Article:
Lord Louis Mountbatten gave a speech at a 70th birthday party honoring his friend Noel Coward in which he said, “There are probably greater painters than Noel, greater novelists than Noel, greater librettists, greater composers of music” and went on to include singers, dancers, comedians, tragedians, stage producers, film directors, cabaret artists, TV stars. “If there are,” he concluded, “they are 14 different people.” A great many of these personas are brought to life by cabaret veterans Steve Ross and KT Sullivan in Love, Noel: The Songs and Letters of Noel Coward, the charming play with music devised and written by Barry Day, in production until Sunday at the Irish Repertory Theatre.
“I don’t think anyone has ever made a better summary of the man who bestrode the first three-quarters of the last century,”says Sullivan in her role as Woman. “He did everything and knew everyone, as his letters testify.”
Under the direction of Charlotte Moore, Ross and Sullivan read many of those letters and sing two dozen of Coward’s songs during the chuck-full 80-minute show. Coward wrote to his mother weekly when they were apart and she saved every letter for 50 years. Fortunately many others were saved as well.
The letters and supporting material are presented in character — the debonair Ross is a worthy embodiment of the debonair Coward — or in dialogue as Man and Woman. Many of the famous people who made up Coward’s orbit appear in delightful ways. Sullivan is hilarious hamming it up as Elaine Stritch singing “Why Do the Wrong People Travel?” She also does delicious takes on Marlene Dietrich and Greta Garbo.
At the start of the show I was startled by the stars’ appearances. The older woman next to me said to her companion, “They’ve aged.” That was my reaction. I thought back to the last time I had seen either singer and realize it’s probably been a decade. I should have expected they would have changed — I don’t even recognize myself in the mirror anymore — but I wasn’t prepared.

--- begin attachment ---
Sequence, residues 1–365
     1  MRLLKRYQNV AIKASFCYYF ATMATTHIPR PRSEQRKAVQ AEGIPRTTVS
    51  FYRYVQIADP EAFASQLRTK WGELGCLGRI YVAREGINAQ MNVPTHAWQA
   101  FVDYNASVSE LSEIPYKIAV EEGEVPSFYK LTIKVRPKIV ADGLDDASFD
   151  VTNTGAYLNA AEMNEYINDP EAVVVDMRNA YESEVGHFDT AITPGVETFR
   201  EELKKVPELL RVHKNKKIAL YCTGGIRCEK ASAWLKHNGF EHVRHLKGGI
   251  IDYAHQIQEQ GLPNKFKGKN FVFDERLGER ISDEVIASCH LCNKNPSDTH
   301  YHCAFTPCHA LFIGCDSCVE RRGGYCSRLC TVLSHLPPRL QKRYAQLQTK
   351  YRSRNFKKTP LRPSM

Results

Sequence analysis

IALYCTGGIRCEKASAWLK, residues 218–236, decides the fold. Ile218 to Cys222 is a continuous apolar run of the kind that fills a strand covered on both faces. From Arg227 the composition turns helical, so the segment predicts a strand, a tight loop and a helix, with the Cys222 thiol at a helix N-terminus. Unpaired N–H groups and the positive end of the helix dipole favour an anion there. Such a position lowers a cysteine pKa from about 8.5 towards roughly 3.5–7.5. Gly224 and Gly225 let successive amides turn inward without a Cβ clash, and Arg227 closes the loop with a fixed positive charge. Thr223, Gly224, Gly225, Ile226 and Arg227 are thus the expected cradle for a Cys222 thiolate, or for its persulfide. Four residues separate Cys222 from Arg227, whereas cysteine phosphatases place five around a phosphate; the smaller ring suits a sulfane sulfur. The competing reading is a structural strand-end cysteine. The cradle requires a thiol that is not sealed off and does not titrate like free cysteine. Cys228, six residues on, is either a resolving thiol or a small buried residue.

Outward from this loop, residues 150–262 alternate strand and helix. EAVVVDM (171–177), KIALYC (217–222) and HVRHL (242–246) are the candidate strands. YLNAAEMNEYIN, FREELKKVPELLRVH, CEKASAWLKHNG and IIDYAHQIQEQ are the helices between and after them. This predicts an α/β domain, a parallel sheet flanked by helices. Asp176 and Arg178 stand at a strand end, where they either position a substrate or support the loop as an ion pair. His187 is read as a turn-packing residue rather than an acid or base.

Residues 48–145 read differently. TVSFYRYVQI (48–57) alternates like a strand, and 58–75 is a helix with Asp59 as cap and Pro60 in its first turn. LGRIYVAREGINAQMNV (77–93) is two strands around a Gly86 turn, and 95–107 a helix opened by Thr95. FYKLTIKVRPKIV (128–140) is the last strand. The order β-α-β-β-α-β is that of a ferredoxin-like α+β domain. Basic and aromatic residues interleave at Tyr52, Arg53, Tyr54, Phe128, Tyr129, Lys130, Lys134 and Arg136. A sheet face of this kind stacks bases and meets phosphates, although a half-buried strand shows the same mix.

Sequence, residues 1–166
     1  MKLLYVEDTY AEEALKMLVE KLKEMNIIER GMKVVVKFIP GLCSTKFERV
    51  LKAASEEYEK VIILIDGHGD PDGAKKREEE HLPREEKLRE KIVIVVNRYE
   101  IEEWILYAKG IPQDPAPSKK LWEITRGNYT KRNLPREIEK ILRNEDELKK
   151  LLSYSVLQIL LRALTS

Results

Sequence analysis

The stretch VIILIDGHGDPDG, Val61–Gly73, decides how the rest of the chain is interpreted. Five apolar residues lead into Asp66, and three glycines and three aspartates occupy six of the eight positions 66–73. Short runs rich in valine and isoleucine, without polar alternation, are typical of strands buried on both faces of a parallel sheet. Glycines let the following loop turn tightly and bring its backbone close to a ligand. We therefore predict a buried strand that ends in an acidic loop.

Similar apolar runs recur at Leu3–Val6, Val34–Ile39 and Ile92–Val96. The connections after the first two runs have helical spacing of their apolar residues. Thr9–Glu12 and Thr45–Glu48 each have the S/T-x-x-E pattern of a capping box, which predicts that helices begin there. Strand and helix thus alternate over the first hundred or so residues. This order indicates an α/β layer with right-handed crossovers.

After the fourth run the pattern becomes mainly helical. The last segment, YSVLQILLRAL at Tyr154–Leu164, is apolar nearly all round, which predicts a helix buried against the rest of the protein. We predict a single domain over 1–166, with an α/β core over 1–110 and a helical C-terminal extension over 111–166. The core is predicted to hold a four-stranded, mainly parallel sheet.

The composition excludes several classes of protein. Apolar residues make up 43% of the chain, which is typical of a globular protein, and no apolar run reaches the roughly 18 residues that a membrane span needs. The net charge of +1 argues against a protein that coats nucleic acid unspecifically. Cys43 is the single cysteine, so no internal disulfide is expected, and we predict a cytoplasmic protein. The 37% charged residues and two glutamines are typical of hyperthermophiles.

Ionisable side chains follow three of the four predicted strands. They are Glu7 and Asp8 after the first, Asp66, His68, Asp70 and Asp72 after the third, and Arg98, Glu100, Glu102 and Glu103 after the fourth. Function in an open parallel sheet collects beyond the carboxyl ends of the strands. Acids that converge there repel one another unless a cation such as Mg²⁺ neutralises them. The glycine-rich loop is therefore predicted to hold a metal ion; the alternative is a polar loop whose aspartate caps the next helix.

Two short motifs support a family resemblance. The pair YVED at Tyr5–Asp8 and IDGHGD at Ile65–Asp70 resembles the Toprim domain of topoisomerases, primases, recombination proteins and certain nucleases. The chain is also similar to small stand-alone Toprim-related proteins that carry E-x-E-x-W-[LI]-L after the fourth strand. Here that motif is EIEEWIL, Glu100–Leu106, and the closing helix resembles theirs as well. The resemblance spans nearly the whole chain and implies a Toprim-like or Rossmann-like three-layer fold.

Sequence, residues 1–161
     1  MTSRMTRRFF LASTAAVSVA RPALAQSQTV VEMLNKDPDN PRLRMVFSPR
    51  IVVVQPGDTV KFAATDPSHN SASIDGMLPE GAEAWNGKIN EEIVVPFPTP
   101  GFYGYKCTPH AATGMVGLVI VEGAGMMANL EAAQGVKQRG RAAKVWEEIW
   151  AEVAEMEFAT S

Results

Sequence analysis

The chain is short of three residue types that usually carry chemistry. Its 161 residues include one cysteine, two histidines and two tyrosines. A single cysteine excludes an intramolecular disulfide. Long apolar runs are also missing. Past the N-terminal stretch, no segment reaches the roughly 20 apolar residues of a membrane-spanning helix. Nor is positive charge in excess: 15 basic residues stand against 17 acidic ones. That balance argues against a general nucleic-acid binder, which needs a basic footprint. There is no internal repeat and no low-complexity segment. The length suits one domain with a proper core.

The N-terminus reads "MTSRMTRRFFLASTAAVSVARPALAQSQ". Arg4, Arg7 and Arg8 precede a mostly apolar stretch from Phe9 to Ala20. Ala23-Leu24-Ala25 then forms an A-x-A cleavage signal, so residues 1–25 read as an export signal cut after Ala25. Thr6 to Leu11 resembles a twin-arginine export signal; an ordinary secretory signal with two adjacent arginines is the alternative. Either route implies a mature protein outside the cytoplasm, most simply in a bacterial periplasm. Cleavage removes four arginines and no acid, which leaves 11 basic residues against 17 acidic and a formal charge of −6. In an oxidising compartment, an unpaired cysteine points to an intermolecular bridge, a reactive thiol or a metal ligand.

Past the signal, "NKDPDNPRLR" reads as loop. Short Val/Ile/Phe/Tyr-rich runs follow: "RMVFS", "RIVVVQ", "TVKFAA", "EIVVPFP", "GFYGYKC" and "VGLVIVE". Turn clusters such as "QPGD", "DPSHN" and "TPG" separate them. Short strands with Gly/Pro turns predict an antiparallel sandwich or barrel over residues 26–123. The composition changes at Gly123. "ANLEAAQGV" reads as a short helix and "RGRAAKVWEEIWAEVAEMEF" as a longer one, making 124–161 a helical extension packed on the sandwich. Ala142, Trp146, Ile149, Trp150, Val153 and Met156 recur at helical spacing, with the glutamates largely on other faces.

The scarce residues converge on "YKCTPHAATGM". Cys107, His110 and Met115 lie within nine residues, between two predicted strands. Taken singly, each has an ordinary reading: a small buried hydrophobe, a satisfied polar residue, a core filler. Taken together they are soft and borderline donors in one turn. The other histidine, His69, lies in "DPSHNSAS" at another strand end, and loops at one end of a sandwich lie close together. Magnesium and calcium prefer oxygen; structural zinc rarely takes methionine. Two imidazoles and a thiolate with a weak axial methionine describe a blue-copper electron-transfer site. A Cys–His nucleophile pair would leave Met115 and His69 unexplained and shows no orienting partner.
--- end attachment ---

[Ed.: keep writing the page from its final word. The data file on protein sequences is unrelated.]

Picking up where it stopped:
Then when they sang the opening number, “Where Are the Songs We Sung,” it seemed so lifeless I wondered if age had diminished their talent as well. But not to worry. In a short time they were lively storytellers and singers. Sullivan occasionally spoke so fast I didn’t have time to take in all of the wonderful anecdotes she was spinning. Only at first, though.
One thing not affected by time is Sullivan’s gorgeous soprano. She has the same exquisite voice she has always had. And Ross can play the piano as powerfully as ever.
It was nice to see these two together for an entire show. I’ve seen them join for a song or two at the Dutch Treat Club but never for such an extended project. They are both well established solo cabaret stars but they play together in Love, Noel as if they’ve been an act for years. The mark of true professionals and true talent.
The creative team also offers talent and professionalism. James Morgan has created a simple and tasteful set (doesn’t he always?) for the downstairs Studio Stage — a baby grand center stage before a royal blue backdrop and a bust of Coward. Michael Gottlieb provides appropriate lighting.
The friend who accompanied me and I are both going through a really rough time but we left the theatre with greatly uplifted hearts.